Keeping track of the problems with my framing was becoming an overwhelming task, so I was intrigued when my buddy Cale Green at Alaska Remote Imaging offered to create a Matterport scan of the project. To create a scan, a special 3D camera on a tripod is placed at various locations throughout a building’s interior. At each location the camera swivels 360 degrees on the top of the tripod, generating overlapping sets of spatial and photographic data that is merged by software into a seamless 3D model.
Once the model is complete, Matterport lets you move through the simulated space on your computer or phone, much like Google Street View (in fact, models can be added to Street View or Yelp). Matterport also provides measuring tools, generates floor layouts, and lets you tag points of interest with descriptions and media. I tagged over 400 construction defects in the interior of my home, and was able to attach photos and videos to many of the tags. I honestly can’t think of a more organized or thorough way to document a construction project.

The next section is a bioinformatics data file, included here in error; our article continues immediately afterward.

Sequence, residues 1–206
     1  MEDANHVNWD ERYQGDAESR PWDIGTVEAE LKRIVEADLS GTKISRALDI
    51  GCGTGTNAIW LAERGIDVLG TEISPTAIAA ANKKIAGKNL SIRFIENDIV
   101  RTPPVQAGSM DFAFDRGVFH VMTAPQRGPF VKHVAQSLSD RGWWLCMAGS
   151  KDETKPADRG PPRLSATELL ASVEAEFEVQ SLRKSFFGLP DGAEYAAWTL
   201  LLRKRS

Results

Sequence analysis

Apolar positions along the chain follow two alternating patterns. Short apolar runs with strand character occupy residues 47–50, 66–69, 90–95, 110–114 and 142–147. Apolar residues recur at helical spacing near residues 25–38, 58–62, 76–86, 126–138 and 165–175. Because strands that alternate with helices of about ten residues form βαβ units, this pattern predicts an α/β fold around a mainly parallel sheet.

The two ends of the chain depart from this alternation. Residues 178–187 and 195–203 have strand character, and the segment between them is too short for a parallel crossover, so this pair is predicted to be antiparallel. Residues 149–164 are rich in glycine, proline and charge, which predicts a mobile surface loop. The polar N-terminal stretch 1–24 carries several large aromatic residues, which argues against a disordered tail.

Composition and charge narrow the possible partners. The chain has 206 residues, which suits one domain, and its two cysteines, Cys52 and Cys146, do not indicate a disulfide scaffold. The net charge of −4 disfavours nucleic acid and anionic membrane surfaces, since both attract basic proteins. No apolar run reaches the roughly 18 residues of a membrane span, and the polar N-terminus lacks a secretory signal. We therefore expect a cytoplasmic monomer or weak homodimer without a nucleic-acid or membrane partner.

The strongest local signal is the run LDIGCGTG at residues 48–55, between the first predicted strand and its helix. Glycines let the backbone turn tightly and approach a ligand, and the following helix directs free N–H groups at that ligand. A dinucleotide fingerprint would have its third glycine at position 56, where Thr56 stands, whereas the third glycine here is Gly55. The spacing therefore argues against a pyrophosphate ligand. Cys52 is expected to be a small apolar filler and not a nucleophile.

Matterport (and similar platforms) have been around for a while, but their use has mostly been limited to commercial and industrial applications because of the cost of the cameras and services. As the technology improves, 3D modeling will probably become much more common on small-scale residential projects like mine. Once I have all of the plumbing and electrical in, I hope to create another scan so that I’ll always know exactly what’s inside of my walls.
Big thank you to Cale Green, Drew Cason, and Sean Doody at Alaska Remote Imaging. Though the purpose of this scan was not especially positive, Matterport has been really helpful and playing around with the platform was honestly a lot of fun.
Posted May 23, 2020.
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